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inflation down. 75 basis points is not unreasonable in terms of looking at the september hike. oil is up. cable, how do you get an fx trader to go head-to-head with the bank of england? tell us the currency is not in crisis. ubs trash their outlook. there is more activity in china. dani: some of the volatility, it is a stark contrast to what is happening in the equity market. local equities on track for the third weekly advance in a row. that is a recovery from the bear market lows. i wanted to flag the ftse 100 futures, weaker. they were weaker yesterday with the boe decision.
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s&p 500 futures responding calmly to this report that democrats are considering adding a stock buyback tax. perhaps that is more of a bargaining chip. nasdaq futures up. up 20% from last month's bottom. manus: we have had a riproaring rally. hsbc saying cache me up, baby. let's talk to reporters around the world. lizzy burden is at the bank of england yesterday to pass on commentary from the boe. the latest on the swiss bonds. dani: we have juliette saly from singapore on the market reaction in asia to break down the u.s. jobs report. manus: the bank of england says u.k. will have a retracted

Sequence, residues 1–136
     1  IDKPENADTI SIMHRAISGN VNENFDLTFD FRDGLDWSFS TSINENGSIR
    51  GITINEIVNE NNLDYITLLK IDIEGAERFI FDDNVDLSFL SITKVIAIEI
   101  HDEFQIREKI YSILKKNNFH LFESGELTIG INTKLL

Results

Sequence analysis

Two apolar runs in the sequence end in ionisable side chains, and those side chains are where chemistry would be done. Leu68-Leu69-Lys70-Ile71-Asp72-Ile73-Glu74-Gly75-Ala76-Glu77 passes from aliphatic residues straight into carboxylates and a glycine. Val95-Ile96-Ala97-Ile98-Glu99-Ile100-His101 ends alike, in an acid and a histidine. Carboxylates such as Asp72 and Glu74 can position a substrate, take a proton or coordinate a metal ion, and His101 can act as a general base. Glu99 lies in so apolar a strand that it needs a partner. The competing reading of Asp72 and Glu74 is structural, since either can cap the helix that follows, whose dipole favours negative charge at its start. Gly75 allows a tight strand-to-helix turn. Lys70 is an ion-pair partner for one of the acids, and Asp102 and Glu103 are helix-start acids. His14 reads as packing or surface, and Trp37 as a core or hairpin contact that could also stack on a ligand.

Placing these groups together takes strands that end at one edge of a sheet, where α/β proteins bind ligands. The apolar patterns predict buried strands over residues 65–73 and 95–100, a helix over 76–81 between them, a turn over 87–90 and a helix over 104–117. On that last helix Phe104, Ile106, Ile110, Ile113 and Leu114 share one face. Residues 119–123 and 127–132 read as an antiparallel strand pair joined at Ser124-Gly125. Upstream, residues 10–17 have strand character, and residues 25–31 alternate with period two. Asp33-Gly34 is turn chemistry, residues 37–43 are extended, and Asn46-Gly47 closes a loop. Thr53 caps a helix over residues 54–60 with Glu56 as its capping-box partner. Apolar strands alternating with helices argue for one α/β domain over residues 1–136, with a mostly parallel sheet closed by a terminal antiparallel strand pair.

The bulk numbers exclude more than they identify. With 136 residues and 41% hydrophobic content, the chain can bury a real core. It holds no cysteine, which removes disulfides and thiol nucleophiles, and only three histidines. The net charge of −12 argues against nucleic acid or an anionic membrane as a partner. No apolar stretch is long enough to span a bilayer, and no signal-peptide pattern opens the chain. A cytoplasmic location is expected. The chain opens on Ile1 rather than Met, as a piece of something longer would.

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recession after raising 50 basis points, the biggest increase in seven years. >> we will get inflation back to target, no question about that. that is my message. of course, it is very hard. we are much more affected by inflation which is concentrated in energy particularly. if we do not get it under control, it will get worse, and we will have to raise interest rates more. manus: let's get to lizzy burden, she has been tracking the news. if we listen to bailey, it is about acting now and taking pain and medicine now because it could get worse later. what was the big takeaway for you? lizzy: controlling inflation, no ifs or buts, that is the message she wanted to get across yesterday. the bank has to choose a path in a dilemma it has never faced